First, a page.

In People v. Matthew, 68 Cal.App. 95, 109 [ 228 P. 417], the court said: "Upon the final submission of the case the court instructed the jurors to the effect that they were the exclusive judges of the evidence and the credibility of the witnesses, that it was their function to determine all questions of fact that the court had nothing to do with the facts, and that if it had said anything during the trial which might seem to indicate that it had an opinion upon any of the facts, such expressions should be entirely disregarded by them.Summary of this case from People v. Vollmann
Crim. No. 1085.
July 8, 1924.
APPEAL from a judgment of the Superior Court of Los Angeles County and from an order denying a new trial. Arthur Keetch, Judge. Affirmed.
The facts are stated in the opinion of the court.
Samuel Rosenthal for Appellants.
U.S. Webb, Attorney-General, and H. H. Linney and John W. Maltman, Deputy Attorneys-General, for Respondent.
This appeal is by the defendants Williams and Pope, who, with the defendants Matthew, Warmley, and Sinuel, were jointly charged with the murder of one Coleman Stone, the proprietor of a grocery at Bell Station, near the city of Los Angeles. The defendant Warmley, it would seem, was not apprehended. The remaining four defendants were tried jointly. Matthew and Sinuel were convicted of murder in the first degree, the death penalty was imposed upon them, and they have taken an appeal to the supreme court. The defendants Pope and Williams were convicted of murder in the second degree, and now appeal to this court from the judgment of conviction and from the order denying their motion for a new trial.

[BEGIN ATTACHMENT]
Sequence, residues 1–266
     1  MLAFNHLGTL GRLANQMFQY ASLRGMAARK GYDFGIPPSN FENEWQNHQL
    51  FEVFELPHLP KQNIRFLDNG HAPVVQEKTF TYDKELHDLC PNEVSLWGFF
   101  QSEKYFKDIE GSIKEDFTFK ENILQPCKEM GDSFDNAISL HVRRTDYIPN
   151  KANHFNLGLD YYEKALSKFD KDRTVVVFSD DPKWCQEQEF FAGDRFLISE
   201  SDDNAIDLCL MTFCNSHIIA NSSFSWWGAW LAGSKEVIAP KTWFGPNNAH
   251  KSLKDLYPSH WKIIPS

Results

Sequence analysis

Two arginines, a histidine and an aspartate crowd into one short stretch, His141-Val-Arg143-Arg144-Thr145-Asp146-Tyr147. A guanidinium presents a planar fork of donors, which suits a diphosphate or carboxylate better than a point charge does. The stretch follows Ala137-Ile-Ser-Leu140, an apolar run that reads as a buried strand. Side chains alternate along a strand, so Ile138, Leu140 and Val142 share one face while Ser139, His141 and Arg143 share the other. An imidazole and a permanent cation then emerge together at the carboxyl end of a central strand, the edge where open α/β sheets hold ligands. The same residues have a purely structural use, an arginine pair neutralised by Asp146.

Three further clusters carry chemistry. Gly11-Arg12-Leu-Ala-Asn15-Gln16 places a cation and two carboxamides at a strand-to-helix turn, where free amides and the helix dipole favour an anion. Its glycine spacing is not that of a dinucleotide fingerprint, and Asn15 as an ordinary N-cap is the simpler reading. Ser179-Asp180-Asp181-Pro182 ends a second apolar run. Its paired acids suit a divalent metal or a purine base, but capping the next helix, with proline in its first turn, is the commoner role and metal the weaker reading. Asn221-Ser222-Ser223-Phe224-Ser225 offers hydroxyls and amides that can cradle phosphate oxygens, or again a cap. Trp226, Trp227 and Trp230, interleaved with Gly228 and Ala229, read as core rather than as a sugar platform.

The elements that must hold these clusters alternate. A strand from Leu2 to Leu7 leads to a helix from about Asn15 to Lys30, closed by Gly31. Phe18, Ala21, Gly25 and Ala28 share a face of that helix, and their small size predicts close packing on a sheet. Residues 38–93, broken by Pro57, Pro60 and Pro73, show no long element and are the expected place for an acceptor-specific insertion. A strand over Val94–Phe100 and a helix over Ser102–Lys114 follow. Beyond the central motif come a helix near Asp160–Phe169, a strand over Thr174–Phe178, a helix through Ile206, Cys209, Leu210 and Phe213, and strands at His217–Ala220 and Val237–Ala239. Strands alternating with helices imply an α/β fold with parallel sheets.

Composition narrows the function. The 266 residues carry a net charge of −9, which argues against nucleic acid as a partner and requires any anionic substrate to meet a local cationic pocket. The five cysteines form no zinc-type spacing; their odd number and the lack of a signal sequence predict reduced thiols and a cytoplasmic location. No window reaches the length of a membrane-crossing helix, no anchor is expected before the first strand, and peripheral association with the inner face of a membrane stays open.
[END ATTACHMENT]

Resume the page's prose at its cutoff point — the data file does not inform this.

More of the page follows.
The appeal to this court is based upon the alleged insufficiency of the evidence to support the verdict against Pope and Williams, upon asserted errors of law in admitting and in excluding evidence and in giving and refusing certain instructions, and upon alleged misconduct of the district attorney.
 It is, of course, well settled that if the evidence which bears against the accused, considered by itself and without regard to conflicting evidence, is sufficient to support the verdict, the question ceases to be one of law — of which alone this court has jurisdiction — and becomes one of fact, upon which the decision of the jury and the trial court is final and conclusive. ( People v. Emerson, 130 Cal. 562 [ 62 P. 1069].)  Accordingly, as a reviewing court it is our duty, in passing upon the question whether the evidence is sufficient to support the verdict, to consider in its strongest light all evidence which tends to support the verdict, to disregard such testimony as conflicts therewith and to affirm the judgment if there be any substantial showing which tends to establish the guilt of the accused.